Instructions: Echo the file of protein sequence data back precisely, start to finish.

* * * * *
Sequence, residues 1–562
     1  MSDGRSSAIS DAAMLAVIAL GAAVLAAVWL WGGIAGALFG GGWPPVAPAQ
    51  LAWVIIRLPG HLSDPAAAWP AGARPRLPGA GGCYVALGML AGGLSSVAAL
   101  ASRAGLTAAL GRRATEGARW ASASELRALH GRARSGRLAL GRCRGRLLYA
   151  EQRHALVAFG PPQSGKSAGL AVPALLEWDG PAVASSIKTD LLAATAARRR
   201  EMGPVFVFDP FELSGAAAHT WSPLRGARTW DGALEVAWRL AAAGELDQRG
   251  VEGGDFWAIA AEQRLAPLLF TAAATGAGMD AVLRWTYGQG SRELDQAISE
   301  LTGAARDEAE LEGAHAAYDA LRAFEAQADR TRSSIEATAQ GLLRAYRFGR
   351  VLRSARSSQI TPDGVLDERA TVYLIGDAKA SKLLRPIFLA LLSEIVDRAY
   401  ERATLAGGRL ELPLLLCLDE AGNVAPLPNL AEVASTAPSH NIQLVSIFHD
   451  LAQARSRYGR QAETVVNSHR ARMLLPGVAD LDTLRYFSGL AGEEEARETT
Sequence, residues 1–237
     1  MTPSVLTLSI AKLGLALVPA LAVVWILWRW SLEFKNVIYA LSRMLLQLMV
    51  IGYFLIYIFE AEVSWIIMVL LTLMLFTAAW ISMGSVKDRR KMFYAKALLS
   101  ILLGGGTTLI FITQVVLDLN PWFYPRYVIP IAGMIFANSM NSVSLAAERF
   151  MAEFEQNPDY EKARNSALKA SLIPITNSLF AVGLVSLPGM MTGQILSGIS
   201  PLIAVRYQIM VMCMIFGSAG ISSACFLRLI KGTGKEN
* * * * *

Sequence, residues 1–562
     1  MSDGRSSAIS DAAMLAVIAL GAAVLAAVWL WGGIAGALFG GGWPPVAPAQ
    51  LAWVIIRLPG HLSDPAAAWP AGARPRLPGA GGCYVALGML AGGLSSVAAL
   101  ASRAGLTAAL GRRATEGARW ASASELRALH GRARSGRLAL GRCRGRLLYA
   151  EQRHALVAFG PPQSGKSAGL AVPALLEWDG PAVASSIKTD LLAATAARRR
   201  EMGPVFVFDP FELSGAAAHT WSPLRGARTW DGALEVAWRL AAAGELDQRG
   251  VEGGDFWAIA AEQRLAPLLF TAAATGAGMD AVLRWTYGQG SRELDQAISE
   301  LTGAARDEAE LEGAHAAYDA LRAFEAQADR TRSSIEATAQ GLLRAYRFGR
   351  VLRSARSSQI TPDGVLDERA TVYLIGDAKA SKLLRPIFLA LLSEIVDRAY
   401  ERATLAGGRL ELPLLLCLDE AGNVAPLPNL AEVASTAPSH NIQLVSIFHD
   451  LAQARSRYGR QAETVVNSHR ARMLLPGVAD LDTLRYFSGL AGEEEARETT
Sequence, residues 1–237
     1  MTPSVLTLSI AKLGLALVPA LAVVWILWRW SLEFKNVIYA LSRMLLQLMV
    51  IGYFLIYIFE AEVSWIIMVL LTLMLFTAAW ISMGSVKDRR KMFYAKALLS
   101  ILLGGGTTLI FITQVVLDLN PWFYPRYVIP IAGMIFANSM NSVSLAAERF
   151  MAEFEQNPDY EKARNSALKA SLIPITNSLF AVGLVSLPGM MTGQILSGIS
   201  PLIAVRYQIM VMCMIFGSAG ISSACFLRLI KGTGKEN